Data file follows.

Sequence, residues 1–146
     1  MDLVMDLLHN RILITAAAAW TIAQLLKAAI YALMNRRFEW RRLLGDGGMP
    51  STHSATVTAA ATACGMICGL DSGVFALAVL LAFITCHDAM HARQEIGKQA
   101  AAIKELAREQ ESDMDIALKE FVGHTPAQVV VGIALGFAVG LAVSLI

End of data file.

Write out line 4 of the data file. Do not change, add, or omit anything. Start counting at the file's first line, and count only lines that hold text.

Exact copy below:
   101  AAIKELAREQ ESDMDIALKE FVGHTPAQVV VGIALGFAVG LAVSLI